Boyfreind or just seriously dating someone

In other words, you should not expect that person to willingly sit and listen to every little detail.Instead, just give the basic information, and then your date can ask for more information if desired.In my opinion, the best time to talk about therapy with a person you’re dating is during the same conversation in which you say, “Gee, we’ve been dating for a little while and I’m really enjoying this, and I want us to get to know each other a little better and maybe even get a bit more serious.” If the other person responds to that or a similar statement in a positive way, you can then say, “I want to start by letting you know more about my life as a way to help us grow closer.” Then it might be useful to talk about some of the ways you want to grow as a person, and/or to provide some background about any family of origin issues that you may have (which is the sort of stuff that typically leads adults into counseling).If you are still getting nods and a smiling, engaged face, you and the other person can move forward into the kind of open, honest, nonjudgmental conversation that forms the basis of all lasting relationships. The depth of the conversation that you want to have about being in therapy is probably related to the shame you feel (or don’t feel) about being in therapy and/or the issues that led you to therapy.Sure, you want to “look good” and maybe you’d prefer that not everyone on the planet know about every little thing you’ve ever done, but if you’re dating seriously and you find yourself keeping a secret about the fact that you go therapy every Thursday at , it doesn’t bode well. If you find that you’re reluctant to share about therapy with someone you’re dating, you may want to ask yourself why.Are you afraid that your intimate partner will think you’re loony tunes and reject you?So if you are dating someone and you really like that person (and are hoping that the relationship will progress to something serious), the question isn’t so much whether you should disclose, but when you should disclose.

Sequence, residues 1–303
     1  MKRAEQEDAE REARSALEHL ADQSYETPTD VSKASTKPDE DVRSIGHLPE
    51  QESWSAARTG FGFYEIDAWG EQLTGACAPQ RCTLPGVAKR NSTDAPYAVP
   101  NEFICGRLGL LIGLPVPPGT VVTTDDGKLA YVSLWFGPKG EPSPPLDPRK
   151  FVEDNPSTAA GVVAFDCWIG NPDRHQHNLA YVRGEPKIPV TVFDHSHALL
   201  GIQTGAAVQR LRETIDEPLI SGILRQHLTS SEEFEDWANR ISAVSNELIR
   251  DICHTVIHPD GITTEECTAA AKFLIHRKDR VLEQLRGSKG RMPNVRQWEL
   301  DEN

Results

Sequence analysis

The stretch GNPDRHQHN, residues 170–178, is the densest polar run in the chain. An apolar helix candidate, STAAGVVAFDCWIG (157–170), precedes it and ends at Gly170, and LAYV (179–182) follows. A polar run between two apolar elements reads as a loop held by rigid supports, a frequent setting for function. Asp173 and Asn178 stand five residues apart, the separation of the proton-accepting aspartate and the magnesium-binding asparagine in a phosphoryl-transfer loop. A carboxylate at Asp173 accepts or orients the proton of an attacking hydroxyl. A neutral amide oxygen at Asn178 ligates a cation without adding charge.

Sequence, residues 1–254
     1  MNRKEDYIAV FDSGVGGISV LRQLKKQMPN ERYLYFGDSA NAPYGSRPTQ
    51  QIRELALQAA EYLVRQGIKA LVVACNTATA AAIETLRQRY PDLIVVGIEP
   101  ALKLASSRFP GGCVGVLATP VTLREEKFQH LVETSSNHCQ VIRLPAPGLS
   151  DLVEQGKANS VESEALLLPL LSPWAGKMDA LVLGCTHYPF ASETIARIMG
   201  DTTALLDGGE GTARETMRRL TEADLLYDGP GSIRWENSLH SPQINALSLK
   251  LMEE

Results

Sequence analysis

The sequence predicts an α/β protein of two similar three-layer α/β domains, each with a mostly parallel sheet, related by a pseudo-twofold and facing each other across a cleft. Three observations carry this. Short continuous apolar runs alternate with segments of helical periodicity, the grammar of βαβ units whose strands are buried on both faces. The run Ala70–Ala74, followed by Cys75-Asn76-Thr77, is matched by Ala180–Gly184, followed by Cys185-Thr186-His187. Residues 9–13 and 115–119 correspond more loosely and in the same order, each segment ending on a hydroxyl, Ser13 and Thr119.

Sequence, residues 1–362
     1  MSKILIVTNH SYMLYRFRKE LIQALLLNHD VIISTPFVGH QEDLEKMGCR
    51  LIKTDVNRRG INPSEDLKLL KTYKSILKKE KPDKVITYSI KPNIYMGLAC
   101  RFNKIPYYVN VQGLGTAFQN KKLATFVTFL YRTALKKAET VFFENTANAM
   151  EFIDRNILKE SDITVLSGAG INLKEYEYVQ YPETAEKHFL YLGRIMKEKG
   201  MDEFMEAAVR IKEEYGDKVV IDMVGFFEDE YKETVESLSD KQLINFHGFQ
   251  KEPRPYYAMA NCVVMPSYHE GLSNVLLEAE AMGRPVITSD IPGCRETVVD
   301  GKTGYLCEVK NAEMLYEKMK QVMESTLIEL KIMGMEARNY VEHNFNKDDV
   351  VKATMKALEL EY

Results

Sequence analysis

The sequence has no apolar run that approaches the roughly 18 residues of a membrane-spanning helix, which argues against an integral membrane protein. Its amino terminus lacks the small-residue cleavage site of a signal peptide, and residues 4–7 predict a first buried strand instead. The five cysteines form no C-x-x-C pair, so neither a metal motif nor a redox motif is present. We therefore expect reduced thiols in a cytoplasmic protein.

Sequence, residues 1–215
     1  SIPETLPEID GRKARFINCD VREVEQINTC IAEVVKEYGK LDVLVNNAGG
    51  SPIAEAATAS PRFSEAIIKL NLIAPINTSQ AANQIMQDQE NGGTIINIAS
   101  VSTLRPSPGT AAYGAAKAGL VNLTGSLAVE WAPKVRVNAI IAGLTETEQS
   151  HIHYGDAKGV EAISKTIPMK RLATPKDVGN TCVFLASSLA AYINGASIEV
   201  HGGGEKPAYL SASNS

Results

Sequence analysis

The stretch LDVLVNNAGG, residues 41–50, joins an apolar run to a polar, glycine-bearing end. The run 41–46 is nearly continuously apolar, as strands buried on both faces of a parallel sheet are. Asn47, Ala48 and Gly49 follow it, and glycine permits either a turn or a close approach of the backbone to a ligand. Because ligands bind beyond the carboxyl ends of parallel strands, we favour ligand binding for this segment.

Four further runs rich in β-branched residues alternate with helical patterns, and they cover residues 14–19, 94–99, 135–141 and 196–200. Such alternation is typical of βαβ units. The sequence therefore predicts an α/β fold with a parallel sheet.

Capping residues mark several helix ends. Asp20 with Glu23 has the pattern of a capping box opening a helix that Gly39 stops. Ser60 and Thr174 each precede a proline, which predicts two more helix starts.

A person who would reject you simply because you’re in therapy is probably not the loving and supportive partner that you deserve, so good riddance to that person.

When you disclose this personal information to the person you’ve been dating, be sure to watch his or her reactions, seeing how your disclosure (your honesty and trust) is received.

The other person’s reactions will tell you a lot about who you are dating and what that person is really like.

Most people attend outpatient psychotherapy seeking help with relatively minor life issues.

For these folks, being in therapy is usually a low-stress, non-shameful, fully integrated activity leading to insight and personal growth.

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